UP wrote THES-QS in July 2007, informing them of UP’s decision not to be a part of the survey; and again in September 2007, requesting the organization to respect UP’s decision. In response, research assistant Saad Shabir wrote back saying that if it did not receive the information it would be “forced to use last year’s data or some form of average.”
Surveys and rankings obviously have their usefulness. But, as the National University—status officially granted to it with its new Charter on its centennial year—UP feels
that before it agrees to participate in such an exercise, it must carefully examine the indices by which it is to be evaluated. It also needs to be convinced about the reliability of the methodology used in the exercised.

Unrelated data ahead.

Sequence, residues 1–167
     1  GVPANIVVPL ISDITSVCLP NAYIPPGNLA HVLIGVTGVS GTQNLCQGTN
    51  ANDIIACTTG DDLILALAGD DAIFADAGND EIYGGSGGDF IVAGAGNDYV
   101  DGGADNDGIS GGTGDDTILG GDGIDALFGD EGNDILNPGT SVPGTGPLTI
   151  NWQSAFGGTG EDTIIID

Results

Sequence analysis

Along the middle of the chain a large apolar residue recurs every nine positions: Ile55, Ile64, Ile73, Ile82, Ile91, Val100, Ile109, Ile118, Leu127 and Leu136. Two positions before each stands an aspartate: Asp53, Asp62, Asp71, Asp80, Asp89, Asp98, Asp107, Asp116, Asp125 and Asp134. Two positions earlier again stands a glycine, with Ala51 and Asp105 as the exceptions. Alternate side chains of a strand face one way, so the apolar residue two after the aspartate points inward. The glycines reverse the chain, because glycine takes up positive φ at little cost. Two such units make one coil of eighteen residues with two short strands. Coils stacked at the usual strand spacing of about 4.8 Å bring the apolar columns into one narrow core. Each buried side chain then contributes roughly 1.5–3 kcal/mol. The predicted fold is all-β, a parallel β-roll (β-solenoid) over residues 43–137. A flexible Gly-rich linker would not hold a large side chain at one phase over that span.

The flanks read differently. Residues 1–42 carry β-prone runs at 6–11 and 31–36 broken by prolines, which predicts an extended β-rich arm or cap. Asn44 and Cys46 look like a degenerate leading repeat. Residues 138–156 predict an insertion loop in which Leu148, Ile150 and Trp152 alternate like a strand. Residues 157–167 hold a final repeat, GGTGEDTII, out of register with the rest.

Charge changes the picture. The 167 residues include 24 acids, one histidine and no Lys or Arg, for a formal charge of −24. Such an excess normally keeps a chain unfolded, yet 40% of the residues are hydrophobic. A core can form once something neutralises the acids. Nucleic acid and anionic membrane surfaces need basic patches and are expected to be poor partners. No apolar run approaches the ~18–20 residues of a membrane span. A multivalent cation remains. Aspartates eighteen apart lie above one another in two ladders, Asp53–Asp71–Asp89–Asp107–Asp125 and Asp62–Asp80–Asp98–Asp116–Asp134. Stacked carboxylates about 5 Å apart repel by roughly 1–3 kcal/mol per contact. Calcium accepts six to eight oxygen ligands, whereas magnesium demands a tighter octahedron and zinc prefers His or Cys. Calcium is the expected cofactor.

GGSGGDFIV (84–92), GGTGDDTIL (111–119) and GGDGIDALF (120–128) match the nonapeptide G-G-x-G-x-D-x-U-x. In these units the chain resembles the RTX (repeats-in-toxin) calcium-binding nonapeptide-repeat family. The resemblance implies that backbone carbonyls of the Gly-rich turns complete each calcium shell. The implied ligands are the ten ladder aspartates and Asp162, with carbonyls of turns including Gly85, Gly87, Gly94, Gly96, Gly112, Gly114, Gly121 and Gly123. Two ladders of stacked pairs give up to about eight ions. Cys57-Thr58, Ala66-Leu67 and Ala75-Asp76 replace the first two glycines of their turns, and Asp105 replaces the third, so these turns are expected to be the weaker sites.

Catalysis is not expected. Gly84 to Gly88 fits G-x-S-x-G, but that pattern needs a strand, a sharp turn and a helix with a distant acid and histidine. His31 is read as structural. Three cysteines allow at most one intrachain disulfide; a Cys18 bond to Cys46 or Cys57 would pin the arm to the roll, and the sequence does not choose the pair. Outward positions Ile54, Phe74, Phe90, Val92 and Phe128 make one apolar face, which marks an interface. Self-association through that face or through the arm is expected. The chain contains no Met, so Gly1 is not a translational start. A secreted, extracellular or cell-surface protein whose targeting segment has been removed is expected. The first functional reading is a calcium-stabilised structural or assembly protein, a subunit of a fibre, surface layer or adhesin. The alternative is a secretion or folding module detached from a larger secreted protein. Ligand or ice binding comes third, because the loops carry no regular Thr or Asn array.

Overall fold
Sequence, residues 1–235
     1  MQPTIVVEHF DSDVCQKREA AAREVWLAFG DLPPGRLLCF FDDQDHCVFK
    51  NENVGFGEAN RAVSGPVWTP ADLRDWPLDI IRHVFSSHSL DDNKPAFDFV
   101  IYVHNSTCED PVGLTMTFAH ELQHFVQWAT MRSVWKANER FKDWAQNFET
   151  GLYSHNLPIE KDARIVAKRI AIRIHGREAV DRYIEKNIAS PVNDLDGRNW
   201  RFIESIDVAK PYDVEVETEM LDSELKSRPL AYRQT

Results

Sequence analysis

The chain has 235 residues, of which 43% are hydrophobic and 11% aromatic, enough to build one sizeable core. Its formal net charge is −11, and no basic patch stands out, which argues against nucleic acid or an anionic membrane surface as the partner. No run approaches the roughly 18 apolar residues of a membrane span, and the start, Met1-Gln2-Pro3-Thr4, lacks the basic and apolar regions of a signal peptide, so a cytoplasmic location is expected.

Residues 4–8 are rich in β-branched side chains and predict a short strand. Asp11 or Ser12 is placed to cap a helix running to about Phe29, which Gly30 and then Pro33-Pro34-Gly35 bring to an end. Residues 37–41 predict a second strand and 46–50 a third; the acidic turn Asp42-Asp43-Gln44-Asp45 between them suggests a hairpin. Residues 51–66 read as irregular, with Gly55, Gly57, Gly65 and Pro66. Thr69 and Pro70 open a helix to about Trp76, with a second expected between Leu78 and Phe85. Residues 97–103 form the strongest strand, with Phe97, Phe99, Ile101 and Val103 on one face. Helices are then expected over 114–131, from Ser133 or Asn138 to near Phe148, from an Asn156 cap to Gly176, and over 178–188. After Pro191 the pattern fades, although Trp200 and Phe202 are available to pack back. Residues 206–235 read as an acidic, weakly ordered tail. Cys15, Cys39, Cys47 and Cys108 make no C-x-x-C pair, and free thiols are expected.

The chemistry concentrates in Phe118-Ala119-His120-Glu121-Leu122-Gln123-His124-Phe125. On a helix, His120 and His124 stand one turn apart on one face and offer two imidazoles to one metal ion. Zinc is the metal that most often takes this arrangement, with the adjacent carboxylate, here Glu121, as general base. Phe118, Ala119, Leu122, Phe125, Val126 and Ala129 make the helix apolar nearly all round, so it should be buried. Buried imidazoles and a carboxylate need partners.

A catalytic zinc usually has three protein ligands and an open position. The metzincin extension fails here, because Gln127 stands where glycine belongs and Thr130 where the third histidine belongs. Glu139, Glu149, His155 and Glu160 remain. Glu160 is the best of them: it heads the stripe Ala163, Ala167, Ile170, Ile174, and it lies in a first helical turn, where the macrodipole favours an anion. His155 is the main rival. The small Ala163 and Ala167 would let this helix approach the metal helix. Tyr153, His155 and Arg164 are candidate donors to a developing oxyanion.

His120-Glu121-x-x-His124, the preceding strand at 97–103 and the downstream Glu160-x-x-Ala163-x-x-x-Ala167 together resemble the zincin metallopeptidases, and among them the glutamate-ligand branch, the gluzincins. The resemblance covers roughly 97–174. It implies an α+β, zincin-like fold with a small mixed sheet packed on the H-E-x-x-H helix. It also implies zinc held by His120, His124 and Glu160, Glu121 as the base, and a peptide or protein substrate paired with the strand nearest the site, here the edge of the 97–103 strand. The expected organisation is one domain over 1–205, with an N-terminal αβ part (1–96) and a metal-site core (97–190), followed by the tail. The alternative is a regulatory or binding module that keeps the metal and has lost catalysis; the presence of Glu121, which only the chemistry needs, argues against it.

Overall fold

The THES-QS ranking is supposedly meant to serve as “the definitive guide to universities around the world which truly excel.” In evaluating institutions it computes half of the index based on its reputation as perceived by academics (peer review 40%) and global employers (recruiter review 10%). Since it does not specify who are surveyed or what questions are asked, the methodology is problematic.
In an earlier statement released in August this year, and carried by several national dailies, UP said: “Even peers require standardized input data to review. But according to the International Ranking Systems for Universities and Institutions: A Critical Appraisal, published by BioMed Central, the Times simply asks 190,000 ‘experts’ to list what they regard as the top 30 universities in their field of expertise without providing input data on any performance indicators (http://www.biomedce ntral.com/ 1741-7015/ 5/30). Moreover, the survey response rate among selected experts was found to be below 1%. In other words, on the basis of possible selection biases alone, the validity of the measurement is shaky.” (See Pano, “Only Two RP Unviersities Made It…” UP Newsletter, August 2007, p. 5.)